When Your Kids Accidentally Say Something Filthy

One time, when I was learning Arabic in the Army, I said something incredibly vulgar and insulting to my Egyptian professor.

wasfy.jpg
No dictionaries for you!

His name was Wasfy and we all really liked him. Short, round, and prone to making wild arm gestures, Wasfy reminded us of some Middle-Eastern prince’s distant cousin with a Napoleonic complex. Imagine Lewis Black with a deeper tan.

I hadn’t meant the obscenity, but he’d asked me a question in Arabic and I’d answered him with what would’ve clearly been throw-down words in Egypt, judging by the way his eyes bugged out and the cartoon-purple shade of his face. Frozen by his sudden ferocity, I stared back in utter shock, my heart pounding all the way to my ears.

The room went silent.

He glared at me for a few seconds before softening his eyes. His normal color returned as he took a deep breath. You could see his mind working through the situation: Okay, she didn’t say it on purpose… there’s NO WAY she could’ve known that…

Twenty arms in camouflage immediately darted toward their English-Arabic dictionaries as Wasfy quickly insisted “No no no no,” put his hand on my neighbor’s book and gently pressed it back down onto the desk. Wasfy paused for a moment before softly reconjugating my verbs then resuming the day’s lesson as if I hadn’t just said what I’d said.

Of course, the moment he left, we all scrambled to figure out exactly what I’d told him and I believe we did, though I’m not planning on repeating it here. It was pretty rude.

To this day, I’m surprised by our instructors’ reluctance to teach us anything vulgar in the Arabic language, considering I was an interrogator who was bound to hear it at some point.

And to this day, I’m reminded how easy it is to make a misstep in a foreign language. Languages are so complex. It takes years of experience to understand all the little nuances in all the different contexts of putting together words.

So now I try to be sympathetic when watching my kids stumble through the English language. It’s all new to them… so many words, so many shades of meaning. It’s just a matter of time before they stumble into something inappropriate.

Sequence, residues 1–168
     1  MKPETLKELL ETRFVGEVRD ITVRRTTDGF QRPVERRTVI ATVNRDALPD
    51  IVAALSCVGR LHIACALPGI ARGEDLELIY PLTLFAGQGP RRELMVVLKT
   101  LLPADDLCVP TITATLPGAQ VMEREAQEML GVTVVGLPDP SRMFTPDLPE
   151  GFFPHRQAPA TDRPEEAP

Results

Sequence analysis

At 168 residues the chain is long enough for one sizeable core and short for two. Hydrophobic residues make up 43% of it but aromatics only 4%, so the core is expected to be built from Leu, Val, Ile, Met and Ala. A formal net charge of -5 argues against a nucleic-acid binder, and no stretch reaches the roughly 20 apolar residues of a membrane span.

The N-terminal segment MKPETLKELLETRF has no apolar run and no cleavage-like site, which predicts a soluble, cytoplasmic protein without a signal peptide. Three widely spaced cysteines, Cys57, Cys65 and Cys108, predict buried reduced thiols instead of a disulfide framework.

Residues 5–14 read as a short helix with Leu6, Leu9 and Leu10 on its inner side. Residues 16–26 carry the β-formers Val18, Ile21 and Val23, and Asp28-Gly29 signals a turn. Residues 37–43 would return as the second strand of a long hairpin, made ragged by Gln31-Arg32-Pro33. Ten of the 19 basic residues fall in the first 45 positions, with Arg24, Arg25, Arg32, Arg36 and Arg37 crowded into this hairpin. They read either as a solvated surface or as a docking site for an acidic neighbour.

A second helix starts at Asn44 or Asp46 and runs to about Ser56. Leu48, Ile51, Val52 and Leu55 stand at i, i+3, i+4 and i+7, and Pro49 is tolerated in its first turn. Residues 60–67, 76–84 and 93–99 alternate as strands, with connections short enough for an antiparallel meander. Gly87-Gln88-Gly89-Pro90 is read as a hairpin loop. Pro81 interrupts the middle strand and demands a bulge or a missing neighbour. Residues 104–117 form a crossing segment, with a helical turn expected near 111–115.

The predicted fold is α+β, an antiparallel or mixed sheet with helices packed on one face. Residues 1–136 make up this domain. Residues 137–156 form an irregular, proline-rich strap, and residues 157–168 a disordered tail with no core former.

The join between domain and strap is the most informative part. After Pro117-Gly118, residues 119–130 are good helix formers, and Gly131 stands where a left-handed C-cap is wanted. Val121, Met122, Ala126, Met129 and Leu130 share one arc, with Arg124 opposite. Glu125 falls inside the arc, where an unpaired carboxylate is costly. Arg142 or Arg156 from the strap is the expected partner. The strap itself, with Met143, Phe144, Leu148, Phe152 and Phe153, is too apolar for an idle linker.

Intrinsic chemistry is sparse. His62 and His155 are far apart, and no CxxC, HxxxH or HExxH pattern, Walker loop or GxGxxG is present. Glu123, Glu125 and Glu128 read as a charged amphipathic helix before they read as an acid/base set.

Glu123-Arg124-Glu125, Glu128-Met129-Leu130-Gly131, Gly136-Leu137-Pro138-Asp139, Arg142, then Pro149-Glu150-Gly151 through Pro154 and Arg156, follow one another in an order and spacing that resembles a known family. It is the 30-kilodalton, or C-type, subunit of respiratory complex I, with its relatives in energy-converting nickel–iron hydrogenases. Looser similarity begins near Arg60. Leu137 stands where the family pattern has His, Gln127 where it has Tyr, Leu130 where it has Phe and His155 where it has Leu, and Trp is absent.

And when they do, parents learn to not make a big deal out of it. Because the kids won’t think about it too much unless you start freaking out. Still, it’s tough sometimes to figure out how to act casual about something you really hope your kids won’t repeat.

Like the other day, when Brontë renamed her octopus.

IMG_3991At the moment, my four-year-old daughter is really into 1) naming stuffed animals, and 2) talking about whether someone is a boy or girl.

Her little sister Bridget got an orange stuffed-animal octopus from Disneyland. It’s Hank, from Finding Dory, who is, by the way, a pretty cool character. Well, Brontë was playing with Hank the other day when we had the following dialogue:

Me: You have Hank the Octopus!

Brontë: No, his name isn’t “Hank.”

Me: What is it?

Brontë: He has lots of legs with bumps on them.

Me: Yes, tentacles.

Brontë: Tinter-coles? They look like bumps and horns.

Me: They do!

Brontë: His name is “Horny.”

Me: Umm…

Brontë: He a boy, just like the movie. Horny is his name.”Horny the Boy.”

Me (trying hard to keep my face neutral): I really, really think his name is Hank.

18 Comments

    1. Thanks! That’s amazing that your daughter never said anything bad–I figured all kids did it, sooner or later. Just rhyming or repeating stuff…

      Maybe it’s the sheer volume of words my kid uses, haha. She literally talks from the moment she wakes up until the moment she goes to sleep. 🙂

      Liked by 1 person

  1. Kids as they get just a little older will pick up swears only because whether in a car or with tool in hand, the parent, uses said expletive in a very dramatic fashion. It is the tone and dramatic usage that catches their attention. Even if you don’t swear much it doesn’t take much for the little ones to copy the dramatic behavior they see. Soon.

    Liked by 1 person

    1. It has happened since you left the comment! My daughter yelled the S word when her baby sister went number two in the shower.